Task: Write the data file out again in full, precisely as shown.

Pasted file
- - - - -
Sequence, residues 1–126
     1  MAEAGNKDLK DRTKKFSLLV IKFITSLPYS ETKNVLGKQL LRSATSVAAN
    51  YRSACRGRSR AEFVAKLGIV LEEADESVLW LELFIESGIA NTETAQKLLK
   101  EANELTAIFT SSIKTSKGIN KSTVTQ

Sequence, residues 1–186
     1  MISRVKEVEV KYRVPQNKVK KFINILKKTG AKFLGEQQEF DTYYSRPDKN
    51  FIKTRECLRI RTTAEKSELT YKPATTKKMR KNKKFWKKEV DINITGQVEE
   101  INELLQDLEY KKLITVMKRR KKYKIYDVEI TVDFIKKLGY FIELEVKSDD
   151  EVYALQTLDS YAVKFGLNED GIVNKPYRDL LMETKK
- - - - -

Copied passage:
Sequence, residues 1–126
     1  MAEAGNKDLK DRTKKFSLLV IKFITSLPYS ETKNVLGKQL LRSATSVAAN
    51  YRSACRGRSR AEFVAKLGIV LEEADESVLW LELFIESGIA NTETAQKLLK
   101  EANELTAIFT SSIKTSKGIN KSTVTQ

Sequence, residues 1–186
     1  MISRVKEVEV KYRVPQNKVK KFINILKKTG AKFLGEQQEF DTYYSRPDKN
    51  FIKTRECLRI RTTAEKSELT YKPATTKKMR KNKKFWKKEV DINITGQVEE
   101  INELLQDLEY KKLITVMKRR KKYKIYDVEI TVDFIKKLGY FIELEVKSDD
   151  EVYALQTLDS YAVKFGLNED GIVNKPYRDL LMETKK